Distraught and seeking answers, Budwell infiltrates the show as it goes live to air, pulling a gun on Gates and holding him and his crew hostage, as millions of viewers around the country watch on.

Stories like this have a tendency to follow a certain script. Generally, the loner feels ripped off, takes someone hostage, and the plot goes back and forth until the “lone nut” is taken out by authorities and normality is restored.

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Neoliberalism – the ideology at the root of all our problems

George Monbiot has written another insightful article, this one on the problem of neoliberalism, and the fact that most people in our neoliberal society don’t know what the term means.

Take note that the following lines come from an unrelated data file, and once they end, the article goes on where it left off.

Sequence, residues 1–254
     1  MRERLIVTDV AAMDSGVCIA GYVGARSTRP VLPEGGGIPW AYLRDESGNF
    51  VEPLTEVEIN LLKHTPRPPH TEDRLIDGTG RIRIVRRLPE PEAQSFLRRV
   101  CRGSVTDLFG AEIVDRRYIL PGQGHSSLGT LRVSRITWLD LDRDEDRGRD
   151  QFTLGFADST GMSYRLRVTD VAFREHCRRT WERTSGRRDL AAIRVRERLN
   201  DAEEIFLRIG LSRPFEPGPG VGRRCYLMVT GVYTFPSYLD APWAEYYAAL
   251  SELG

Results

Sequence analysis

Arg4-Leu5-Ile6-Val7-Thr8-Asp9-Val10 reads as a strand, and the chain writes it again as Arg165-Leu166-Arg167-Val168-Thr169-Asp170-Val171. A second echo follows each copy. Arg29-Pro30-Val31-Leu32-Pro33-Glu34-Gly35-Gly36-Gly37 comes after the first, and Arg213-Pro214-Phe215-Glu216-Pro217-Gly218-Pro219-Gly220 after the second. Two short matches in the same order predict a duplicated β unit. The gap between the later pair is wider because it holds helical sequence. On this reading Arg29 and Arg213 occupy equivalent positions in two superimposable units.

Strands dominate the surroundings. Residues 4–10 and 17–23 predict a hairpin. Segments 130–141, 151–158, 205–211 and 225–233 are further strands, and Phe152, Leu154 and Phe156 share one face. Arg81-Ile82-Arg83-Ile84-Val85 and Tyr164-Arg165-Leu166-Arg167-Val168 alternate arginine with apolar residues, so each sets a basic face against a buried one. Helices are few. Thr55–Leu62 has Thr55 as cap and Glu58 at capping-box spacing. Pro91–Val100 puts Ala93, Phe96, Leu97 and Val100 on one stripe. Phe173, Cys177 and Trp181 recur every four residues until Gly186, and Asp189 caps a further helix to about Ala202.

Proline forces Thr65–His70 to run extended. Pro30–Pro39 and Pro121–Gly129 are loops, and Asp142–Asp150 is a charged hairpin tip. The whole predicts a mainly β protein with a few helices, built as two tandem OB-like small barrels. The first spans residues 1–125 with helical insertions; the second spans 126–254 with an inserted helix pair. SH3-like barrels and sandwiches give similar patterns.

Neoliberalism – the ideology at the root of all our problems

Imagine if the people of the Soviet Union had never heard of communism. The ideology that dominates our lives has, for most of us, no name. Mention it in conversation and you’ll be rewarded with a shrug. Even if your listeners have heard the term before, they will struggle to define it.

Here are my thoughts on some of the points Monbiot makes:

  • “Neoliberalism sees competition as the defining characteristic of human relations. It redefines citizens as consumers, whose democratic choices are best exercised by buying and selling, a process that rewards merit and punishes inefficiency. It maintains that “the market” delivers benefits that could never be achieved by planning.”

Just like communism reduced people to cogs in a machine, neoliberalism, or market capitalism, does the same. We become consumers whose value lies in how much we contribute to the ongoing efficiency of the economic machine. We are not seen as having inherent dignity in ourselves.